Apart from some treacherous co-decisions, or poor value trade off political decisions, the only positive outcome, on their term, was the fact they watered down/delayed some of the Cons more radical political ideas. Unfortunately as soon as the dark side Cons surprisingly found themselves behind the driving wheel, with their own majority, the libs wishy washy ideas were long gone…. like their leader. Their short lived spell in the back seat should have warned everyone that they were an untrustworthy non-event party not worth wasting a vote on.

  10. Claire

    You may have forgotten Mike, but wealthy Whitney has not had to endure the effects of Tory austerity so it’s very easy for them to forget what a bunch of power hungry waste of space they are.

    1. Mike Sivier Post author

      They have felt a few of the effects. Remember when Cameron’s own family members started campaigning, notably to save children’s services, I believe?
      But yes, I do take your point that the PM’s own constituency always gets a cushion that the rest of us don’t.

  11. hilary772013

    Mike as a lifelong Liberal/LibDem supporter & at the age of 65 that is a lot of General Elections I voted for them in 2010, only to be sold down the river when they got into bed with the Tories & they went against everything I believed in. Then in 2015 I had the dilemma of who to vote for & because we had a Tory MP I decided to vote Labour as they were the best option to get the Tory out. I did not support or believe in Labour because they were only just slightly better than the Tories and unfortunately the Tory won the seat. Then along came Jeremy Corbyn and I joined the Labour Party and Momentum, only to be told I couldn’t vote in the leadership and paid £25 to vote for JC, I am on a pension & £25 is a LOT of money to me, that is how much I believe in Jeremy’s Labour Party.. The LibDems will never ever get my vote again as they proved to be snakes in the grass & cannot understand how they are managing a comeback. My friend also used to vote LibDem and is now a member of Jeremy’s Labour Party & same as myself will never vote Liberal again,

  12. Wamda Lozinska

    Turnout was only 46.8% which probably means that people who could benefit from having a Labour MP / Government stayed at home.

    It’s hard for died in the wool Tory voters to vote Labour, so voting Liberal is perhaps more palatable to them. Labour’s best chance is to target non-voters – but how to get them to go out and vote? It wasn’t even raining on polling day!!

    One of the problems might be that they believe all the rubbish that’s being said in the papers about Jeremy Corbyn. Labour voters in my area have told canvassers they won’t vote for him. So what’s to be done? He’d be the best PM ever!

  13. Tim

    The current Lib Dem leader, Mr Farron, consistently voted AGAINST the bedroom tax, Mike. Personally I fear that a sanitised Liberal Democrat party may well revive as a sink for the protest vote. People who fell unable to vote for Labour, under Corbyn, or Conservative, under May, might well cast their support towards the Liberal Democrats because “they’re different now” and “have learned their lesson”. This is especially likely to happen in parts of the country, e.g., Southwest England, where for years the Lib Dems were the main rivals to the Tories until the coalition was formed.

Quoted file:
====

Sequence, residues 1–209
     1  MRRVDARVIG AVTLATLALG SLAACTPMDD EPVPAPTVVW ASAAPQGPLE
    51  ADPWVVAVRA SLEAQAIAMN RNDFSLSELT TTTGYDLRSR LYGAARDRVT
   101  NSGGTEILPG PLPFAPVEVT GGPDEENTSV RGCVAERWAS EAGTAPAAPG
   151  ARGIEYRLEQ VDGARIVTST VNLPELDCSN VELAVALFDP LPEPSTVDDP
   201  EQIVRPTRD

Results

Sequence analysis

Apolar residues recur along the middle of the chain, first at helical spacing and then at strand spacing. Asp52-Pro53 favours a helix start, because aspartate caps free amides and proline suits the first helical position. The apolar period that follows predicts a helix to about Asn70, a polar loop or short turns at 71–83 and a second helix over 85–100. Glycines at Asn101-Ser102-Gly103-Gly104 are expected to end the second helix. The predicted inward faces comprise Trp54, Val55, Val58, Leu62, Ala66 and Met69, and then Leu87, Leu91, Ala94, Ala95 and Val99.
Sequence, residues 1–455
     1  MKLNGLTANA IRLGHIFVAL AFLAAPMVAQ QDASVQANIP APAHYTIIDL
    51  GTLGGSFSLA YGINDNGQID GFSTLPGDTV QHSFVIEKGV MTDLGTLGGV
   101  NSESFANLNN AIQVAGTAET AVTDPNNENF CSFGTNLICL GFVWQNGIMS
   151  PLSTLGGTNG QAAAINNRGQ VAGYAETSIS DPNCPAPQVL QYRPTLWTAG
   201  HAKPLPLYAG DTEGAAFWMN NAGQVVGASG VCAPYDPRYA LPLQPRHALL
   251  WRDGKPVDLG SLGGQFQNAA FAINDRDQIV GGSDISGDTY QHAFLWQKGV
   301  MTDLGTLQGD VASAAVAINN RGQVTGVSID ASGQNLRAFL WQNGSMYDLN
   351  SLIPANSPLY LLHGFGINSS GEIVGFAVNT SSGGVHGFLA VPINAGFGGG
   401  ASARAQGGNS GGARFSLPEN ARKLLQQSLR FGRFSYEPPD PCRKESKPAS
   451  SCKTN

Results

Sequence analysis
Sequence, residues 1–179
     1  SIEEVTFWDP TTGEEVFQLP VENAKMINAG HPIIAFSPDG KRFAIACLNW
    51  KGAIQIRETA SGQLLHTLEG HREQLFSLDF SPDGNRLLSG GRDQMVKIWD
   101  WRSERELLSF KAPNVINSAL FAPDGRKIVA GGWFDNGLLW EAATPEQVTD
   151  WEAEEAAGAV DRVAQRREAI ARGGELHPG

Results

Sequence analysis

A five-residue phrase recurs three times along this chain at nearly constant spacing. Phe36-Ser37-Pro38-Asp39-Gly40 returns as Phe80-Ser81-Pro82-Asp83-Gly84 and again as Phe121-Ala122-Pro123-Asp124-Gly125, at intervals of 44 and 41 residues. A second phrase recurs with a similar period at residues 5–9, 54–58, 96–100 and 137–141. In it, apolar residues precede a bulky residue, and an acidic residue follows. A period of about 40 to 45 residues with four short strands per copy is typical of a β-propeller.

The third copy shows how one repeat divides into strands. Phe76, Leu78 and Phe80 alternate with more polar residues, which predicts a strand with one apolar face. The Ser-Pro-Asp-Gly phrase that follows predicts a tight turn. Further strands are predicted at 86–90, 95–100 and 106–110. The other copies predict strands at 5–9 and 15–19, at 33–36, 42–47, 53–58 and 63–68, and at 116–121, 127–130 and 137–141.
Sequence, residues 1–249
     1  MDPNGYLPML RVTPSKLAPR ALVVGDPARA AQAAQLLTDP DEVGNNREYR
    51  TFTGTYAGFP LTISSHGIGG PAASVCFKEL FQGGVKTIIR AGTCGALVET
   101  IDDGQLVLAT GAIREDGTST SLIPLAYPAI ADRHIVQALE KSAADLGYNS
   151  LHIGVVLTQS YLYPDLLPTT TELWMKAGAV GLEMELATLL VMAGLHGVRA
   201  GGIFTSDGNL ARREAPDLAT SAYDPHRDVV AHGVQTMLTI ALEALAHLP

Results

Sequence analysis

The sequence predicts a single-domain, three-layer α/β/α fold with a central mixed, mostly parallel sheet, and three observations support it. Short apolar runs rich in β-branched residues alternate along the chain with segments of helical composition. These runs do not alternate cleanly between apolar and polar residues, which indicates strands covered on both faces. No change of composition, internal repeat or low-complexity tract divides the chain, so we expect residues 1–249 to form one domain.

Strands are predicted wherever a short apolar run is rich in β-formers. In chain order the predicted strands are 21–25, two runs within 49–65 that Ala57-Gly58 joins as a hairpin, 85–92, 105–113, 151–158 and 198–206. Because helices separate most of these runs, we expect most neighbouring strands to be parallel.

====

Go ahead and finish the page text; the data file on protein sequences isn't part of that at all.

It isn’t a case of forgiving and forgetting as much as who represents the person most likely to deny a Conservative PPC a seat in the House of Commons. People who want to undermine a Conservative candidate’s electoral chances but haven’t got sufficient confidence in Corbyn’s competence or strident internally riven Labour party might well vote Liberal Democrat, tactically, hoping to avoid having a Tory MP representing them in London.

    This IS a real danger that shouldn’t be glossed over.

    1. Mike Sivier Post author

      Yes, Farron is probably the leader now precisely because he voted against the Bedroom Tax, and most likely other Coalition measures. That does not absolve his party of responsibility for pushing them through Parliament.
      I fear your analysis of why people might be voting LD is probably right – even though they are not different now and have not learned any lesson.
      You go on to talk about tactical voting – but tactical voting is what got us into the mess that we recall as the Coalition Parliament.
      The concerns you suggest about Labour are real, I know. The only way to overcome them is for Mr Corbyn to demonstrate his skill – he managed that very well internally in Labour over the summer, so nobody can deny he has it, and for Labour to resolve its internal differences; the latter will be far more difficult as the ongoing saga of Angela Eagle and Wallasey CLP demonstrates.

  14. Simon Lodge

    Mike.

    In Whitney the Labour party has more than doubled its local membership and worked overtime, locally, to try to get the Labour vote out. (Imagine how good it would have been for Labour if our vote has increased in Cameron’s own stomping ground and we came a much better second in Whitney.) Despite all this effort Labour went from runner up (last time) to third place (this time) and the Liberal Democrats, despite being tainted by their participation in coalition government with the Tories, rocketed upward a whole two places, from forth placed to second placed, in the recent by-election.

    This is very worrying.

    If you feel no concern you should, every one of us really really should.

      1. Brian

        Labour never had, nor will have a chance in a location like this. The fact they slipped to third matters not a jot. Previous position was only attained by protest voting in an overwhelmingly Right Wing constituency, now the Lib’s have resurfaced, they are the protesters choice. Labour can happily wipe it’s feet on the way out of Whitney.

      2. Mike Sivier Post author

        Nowhere is off-limits to any political party.
        Okay, Witney might require a lot of hard persuasion, but there is plenty of ammunition to use against Tory/LD arguments.